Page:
The Onion Girl
by Charles de Lint
Category: Fiction / Fantasy
508 pages; ISBN: 0312873972
Rating: 8/10 (Ratings explained)
Reviewer: Harriet Klausner
Artist Jilly Coppercorn is quite a talent whose paintings make the biggest cynic believe the painter has visited fairyland. Her landscape and creatures seem very real, as if she visited Fairy. However, a hit and run driver leaves the talented artist semi paralyzed. Worse than her broken body is Jilly’s broken spirit as her zest for life is as paralyzed as her body.
Jilly no longer wants to live in the human realm and turns to her dreams of fairyland as escapism just as she did as a girl to evade her drunken parents and her rapist elder brother Del. Jilly fell apart as a youngster, but when she finally got her act together and returned home, she found Raylene her younger sister hated her for abandoning her to rape by Del. Raylene still loathes Jilly and can enter fairyland where she feeds on unicorns targeting Jilly for death in that realm and subsequently the mundane world.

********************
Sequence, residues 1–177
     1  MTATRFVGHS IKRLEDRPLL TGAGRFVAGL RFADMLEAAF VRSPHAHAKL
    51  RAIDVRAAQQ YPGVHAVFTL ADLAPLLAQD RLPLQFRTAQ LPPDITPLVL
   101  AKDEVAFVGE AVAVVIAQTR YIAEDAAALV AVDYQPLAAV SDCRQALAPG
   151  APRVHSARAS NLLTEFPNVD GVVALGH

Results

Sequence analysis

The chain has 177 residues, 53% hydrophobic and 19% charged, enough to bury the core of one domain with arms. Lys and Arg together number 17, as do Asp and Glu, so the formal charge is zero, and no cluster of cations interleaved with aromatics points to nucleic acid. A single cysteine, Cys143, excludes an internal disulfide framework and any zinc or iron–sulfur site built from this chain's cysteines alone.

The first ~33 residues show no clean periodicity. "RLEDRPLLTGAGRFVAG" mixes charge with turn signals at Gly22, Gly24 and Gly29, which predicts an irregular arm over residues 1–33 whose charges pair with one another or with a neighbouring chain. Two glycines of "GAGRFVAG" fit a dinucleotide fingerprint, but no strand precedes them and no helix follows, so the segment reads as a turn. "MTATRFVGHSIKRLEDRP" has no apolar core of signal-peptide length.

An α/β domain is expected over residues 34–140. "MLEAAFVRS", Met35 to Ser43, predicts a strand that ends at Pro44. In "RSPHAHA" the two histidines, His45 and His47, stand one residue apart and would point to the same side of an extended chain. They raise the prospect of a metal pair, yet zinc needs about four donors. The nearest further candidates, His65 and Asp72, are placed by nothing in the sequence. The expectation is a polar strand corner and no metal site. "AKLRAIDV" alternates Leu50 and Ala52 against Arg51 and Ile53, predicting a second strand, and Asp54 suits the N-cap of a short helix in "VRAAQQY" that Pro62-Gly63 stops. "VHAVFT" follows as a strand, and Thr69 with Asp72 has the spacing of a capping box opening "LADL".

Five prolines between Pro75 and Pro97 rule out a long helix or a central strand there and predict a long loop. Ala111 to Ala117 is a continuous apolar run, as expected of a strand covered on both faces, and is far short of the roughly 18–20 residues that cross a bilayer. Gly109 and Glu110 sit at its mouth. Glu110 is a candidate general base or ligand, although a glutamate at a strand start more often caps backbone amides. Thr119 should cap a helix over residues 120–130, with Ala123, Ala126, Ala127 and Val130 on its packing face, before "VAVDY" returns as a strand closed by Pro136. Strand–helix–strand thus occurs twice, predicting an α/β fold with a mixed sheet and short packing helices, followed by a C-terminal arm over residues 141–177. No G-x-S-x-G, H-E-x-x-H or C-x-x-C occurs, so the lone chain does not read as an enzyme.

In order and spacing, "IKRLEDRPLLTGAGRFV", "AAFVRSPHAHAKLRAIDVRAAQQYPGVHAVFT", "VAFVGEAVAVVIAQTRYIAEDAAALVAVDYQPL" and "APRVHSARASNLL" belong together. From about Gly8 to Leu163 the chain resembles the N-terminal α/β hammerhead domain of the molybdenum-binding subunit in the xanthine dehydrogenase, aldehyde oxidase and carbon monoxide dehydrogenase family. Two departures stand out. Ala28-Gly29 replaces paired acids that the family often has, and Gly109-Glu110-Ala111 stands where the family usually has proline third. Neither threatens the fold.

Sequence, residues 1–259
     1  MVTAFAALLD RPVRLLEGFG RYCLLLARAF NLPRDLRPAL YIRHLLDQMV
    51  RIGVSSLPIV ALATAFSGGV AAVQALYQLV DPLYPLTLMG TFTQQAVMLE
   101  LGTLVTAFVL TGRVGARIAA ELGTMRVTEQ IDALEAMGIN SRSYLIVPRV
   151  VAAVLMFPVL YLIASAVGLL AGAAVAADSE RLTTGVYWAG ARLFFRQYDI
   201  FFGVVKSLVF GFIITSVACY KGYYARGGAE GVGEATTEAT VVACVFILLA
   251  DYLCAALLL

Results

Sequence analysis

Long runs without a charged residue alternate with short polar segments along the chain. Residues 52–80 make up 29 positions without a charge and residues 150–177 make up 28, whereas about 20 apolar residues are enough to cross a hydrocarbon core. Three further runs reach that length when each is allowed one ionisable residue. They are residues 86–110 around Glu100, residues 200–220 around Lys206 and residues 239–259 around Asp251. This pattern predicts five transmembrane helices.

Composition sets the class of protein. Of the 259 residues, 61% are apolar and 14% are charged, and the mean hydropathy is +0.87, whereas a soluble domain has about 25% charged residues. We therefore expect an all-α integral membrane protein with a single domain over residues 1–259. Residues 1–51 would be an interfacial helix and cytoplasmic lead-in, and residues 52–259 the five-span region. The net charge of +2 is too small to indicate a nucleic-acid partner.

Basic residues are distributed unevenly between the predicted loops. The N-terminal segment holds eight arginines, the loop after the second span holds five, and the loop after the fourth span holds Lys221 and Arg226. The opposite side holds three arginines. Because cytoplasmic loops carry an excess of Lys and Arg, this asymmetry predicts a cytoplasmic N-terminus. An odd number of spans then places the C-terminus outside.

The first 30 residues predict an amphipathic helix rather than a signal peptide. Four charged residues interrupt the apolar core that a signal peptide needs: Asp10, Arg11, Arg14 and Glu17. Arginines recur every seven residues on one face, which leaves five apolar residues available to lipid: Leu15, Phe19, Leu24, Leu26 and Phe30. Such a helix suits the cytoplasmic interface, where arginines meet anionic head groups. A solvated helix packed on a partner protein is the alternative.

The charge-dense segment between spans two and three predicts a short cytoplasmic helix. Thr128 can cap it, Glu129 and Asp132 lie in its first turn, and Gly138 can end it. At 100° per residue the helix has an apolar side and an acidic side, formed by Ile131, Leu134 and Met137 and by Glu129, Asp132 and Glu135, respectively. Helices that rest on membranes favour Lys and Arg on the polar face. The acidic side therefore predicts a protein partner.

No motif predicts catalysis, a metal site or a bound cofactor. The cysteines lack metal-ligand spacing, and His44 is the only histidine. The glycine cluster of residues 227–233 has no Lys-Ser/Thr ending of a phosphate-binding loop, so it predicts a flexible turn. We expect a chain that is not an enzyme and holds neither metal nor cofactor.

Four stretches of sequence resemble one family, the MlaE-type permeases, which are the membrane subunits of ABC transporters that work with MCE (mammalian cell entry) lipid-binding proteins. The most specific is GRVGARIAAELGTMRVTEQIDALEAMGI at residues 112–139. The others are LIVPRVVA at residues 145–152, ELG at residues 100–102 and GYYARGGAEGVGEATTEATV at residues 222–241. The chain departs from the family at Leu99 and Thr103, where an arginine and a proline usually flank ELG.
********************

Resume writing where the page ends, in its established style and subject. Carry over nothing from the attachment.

THE ONION GIRL looks deeply inside he psyche of its’ two lead female characters especially Jilly who has appeared in other Charles de Lint tales. Additionally, the novel persuades the audience to believe in fairyland, but surprisingly the tale goes at a slow pace for what sounds like an action fantasy. The fans see the reactions of Jilly and Raylene to setbacks on the human plane and how that impacts their behavior in fairyland. Though poignant and insightful, fans of epic fantasy will not enjoy this tale but those readers who relish a psychological character study using fantasy elements to enhance the profundity of the plot will love this special tale.
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